That’s it. That’s it. I have to leave.

I’ve got to go back to hers to get my stuff- she was walking in the opposite direction, so she can’t be going home. I can do it while she’s out, right now. Then, I can leave. I don’t know if I can face her, but I know I have to leave this hellhole somehow. Before- as she put it- we do something we both regret.

So I’m never going to see her again.


I’m getting so used to the sound of my phone ringing now, I’ve tuned it out. I stop in the middle of the bridge to dig it out of my pocket. Right on cue, the screen lights up again, with a call from Gordon. Funny- he hasn’t called me in weeks. I wonder if it’s actually my mum at the other end. Listlessly, even though the wind’s cutting me deeper than a knife, I stand still on the bridge as the traffic tears past me, staring at the blank space for his profile picture, waiting till the call wears itself out. Ten seconds later, another slew of text messages begins. I click on the first and idly watch as they pile up.








No. False. False. False. True. True. True.

Fresh start.

Wondering why I’ve never done it before, I dig my nails under the case of the phone and prise it off. I viciously yank out the battery, watching as the screen pops and turns black. These three pieces in my hand are all that’s tethering me to my last life, as I’m the only piece tethering Maria to hers. It’s just a phone. It can be destroyed.

I’m seized by an overwhelming urge to hurl my handful of plastic off the side of the bridge, into the water, and watch it sink or get swept away into oblivion. I need to keep these self-destructive urges in my past. I leave the phone mutilated, but stuff it back into my pocket and turn to walk home. As I start to walk, Maria comes back into my head. Only because I’m going to leave her. No more will I have to deal with her lies, her betrayal, her addiction, her crimes. I’m going to move away- far away- and start again. I’ll start my immortal life well. Maybe I’ll even help someone. Maybe. That bolt of longing pierces through me again as I reach the house, noticing she’s left the door unlocked as I clatter up the steps and walk through the hallway. This smell reminds me of her, but not in a good way. I won’t miss it.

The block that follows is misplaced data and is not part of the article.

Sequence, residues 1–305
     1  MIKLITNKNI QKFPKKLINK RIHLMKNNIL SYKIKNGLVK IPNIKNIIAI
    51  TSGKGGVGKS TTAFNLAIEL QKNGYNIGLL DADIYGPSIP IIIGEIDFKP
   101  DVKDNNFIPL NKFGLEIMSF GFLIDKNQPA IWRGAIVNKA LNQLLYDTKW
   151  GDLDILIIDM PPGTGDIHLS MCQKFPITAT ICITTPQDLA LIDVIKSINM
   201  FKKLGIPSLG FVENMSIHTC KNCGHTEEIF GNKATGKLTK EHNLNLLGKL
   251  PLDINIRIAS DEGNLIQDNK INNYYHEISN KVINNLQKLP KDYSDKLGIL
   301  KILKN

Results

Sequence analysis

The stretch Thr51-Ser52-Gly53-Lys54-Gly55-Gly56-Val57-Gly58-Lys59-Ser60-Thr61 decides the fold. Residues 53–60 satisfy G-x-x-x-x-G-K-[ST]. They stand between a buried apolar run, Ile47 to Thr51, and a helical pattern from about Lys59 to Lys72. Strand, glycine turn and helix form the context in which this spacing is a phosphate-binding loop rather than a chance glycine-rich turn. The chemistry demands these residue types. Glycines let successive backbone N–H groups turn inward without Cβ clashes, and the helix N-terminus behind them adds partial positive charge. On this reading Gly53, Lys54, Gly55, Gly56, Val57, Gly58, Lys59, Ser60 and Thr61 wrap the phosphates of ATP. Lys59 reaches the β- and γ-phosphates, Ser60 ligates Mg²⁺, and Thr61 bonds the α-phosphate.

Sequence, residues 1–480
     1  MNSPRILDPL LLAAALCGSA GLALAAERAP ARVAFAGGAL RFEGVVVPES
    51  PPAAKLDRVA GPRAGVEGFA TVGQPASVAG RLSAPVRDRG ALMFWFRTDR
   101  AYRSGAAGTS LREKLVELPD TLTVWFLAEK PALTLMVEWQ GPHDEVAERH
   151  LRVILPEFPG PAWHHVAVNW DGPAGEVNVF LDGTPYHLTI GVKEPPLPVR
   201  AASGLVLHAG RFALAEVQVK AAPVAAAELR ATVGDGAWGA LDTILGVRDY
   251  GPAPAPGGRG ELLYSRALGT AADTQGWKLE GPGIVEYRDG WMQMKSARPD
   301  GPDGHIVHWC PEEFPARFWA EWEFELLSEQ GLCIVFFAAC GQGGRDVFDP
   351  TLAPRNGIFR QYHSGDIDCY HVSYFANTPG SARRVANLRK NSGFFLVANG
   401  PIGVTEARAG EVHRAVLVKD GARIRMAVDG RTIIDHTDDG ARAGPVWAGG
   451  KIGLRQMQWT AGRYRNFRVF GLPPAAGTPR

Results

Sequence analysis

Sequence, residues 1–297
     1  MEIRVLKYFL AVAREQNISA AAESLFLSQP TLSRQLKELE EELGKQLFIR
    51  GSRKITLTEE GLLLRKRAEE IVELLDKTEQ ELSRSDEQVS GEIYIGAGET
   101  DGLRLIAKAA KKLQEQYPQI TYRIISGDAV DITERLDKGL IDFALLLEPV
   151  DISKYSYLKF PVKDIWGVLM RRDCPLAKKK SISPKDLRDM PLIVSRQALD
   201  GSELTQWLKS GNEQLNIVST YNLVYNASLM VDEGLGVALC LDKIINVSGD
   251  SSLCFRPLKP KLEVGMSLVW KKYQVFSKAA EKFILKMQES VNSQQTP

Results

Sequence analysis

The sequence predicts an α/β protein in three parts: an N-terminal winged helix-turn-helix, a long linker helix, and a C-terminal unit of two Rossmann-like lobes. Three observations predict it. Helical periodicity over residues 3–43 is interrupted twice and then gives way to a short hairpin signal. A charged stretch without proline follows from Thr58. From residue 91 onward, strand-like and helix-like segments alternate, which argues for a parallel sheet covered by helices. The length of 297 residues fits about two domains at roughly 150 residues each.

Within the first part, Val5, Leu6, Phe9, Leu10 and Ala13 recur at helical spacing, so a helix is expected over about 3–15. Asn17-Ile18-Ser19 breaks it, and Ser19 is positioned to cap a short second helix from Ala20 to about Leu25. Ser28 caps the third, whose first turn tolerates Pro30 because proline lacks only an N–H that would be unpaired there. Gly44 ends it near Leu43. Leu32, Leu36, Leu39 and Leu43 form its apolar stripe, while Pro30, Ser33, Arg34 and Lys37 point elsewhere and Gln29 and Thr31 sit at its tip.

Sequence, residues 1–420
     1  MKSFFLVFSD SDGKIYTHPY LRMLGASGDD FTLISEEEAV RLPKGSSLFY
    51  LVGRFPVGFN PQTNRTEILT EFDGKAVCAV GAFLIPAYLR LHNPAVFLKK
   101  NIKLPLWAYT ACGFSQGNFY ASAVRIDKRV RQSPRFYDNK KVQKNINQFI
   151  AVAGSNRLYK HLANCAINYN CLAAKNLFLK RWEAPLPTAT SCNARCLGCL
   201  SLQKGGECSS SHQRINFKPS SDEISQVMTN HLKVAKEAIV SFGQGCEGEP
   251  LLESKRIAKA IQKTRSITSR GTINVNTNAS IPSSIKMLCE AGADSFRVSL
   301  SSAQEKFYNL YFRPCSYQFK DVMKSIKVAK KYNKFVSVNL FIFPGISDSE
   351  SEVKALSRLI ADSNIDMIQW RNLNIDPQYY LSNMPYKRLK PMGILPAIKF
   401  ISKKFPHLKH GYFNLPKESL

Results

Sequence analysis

As quietly as I can, but only because I suddenly feel like an intruder in this house, I walk up the stairs and into Frank’s room, picking up the backpack I packed last night and shooting a glance over at Maria’s door, at the pink glow leaking out from underneath it. That’s something I am going to miss. Maria’s done so much for me, but still, I have to leave her before I become like her.

I clatter down the stairs for the last time and wait at the bottom. Something compels me to go into the kitchen and switch on the light. The puppies look up at me from their bed. I go over to the counter, where Maria’s note’s still stuck in place.




Without thinking about it, I open the drawer closest to me in the hopes of finding a pen. I find a blue biro, but there’s something else in there that makes me stop dead in my tracks.

It’s a knife. A single knife, long and thin and impossibly sharp, with white scraped edges on the blade and black-rimmed carvings of flowers on the handle. I pick it up, realising how heavy it is, and as I do, I find myself smirking bitterly as the final piece of the puzzle I barely even noticed slides into place. There’s a hallmark on the blade, but I already know it’s silver. I put it back in the drawer and slide it shut- then, with the pen still in my hand, I start to run to all the other drawers and cupboards, shooting the occasional nervous glance at the dark hallway as I do. I pull them open one by one. Empty. Empty. Empty. My eyes grow wider and my chest grows lighter as I realise they’re all empty.

I remember the night Maria was washing up at the sink. What night was that? I look down at the pen in my hand, then up at the hallway one last time. Everything’s silent.

I walk back over to the counter. I have to leave before she gets back, but I decide to leave her a note, all the same. Notes can’t hurt, can they? I try for ages to come up with something smart or reassuring to say, but come up with nothing. Maybe I want to be sarcastic or cutting or hilarious instead. Maybe I should try to be poetic and quotable. In the end, I just write two words underneath Maria’s, on the same piece of paper she used.




There. Perfect.

 “Bye.” I murmur to the puppies as I leave the kitchen.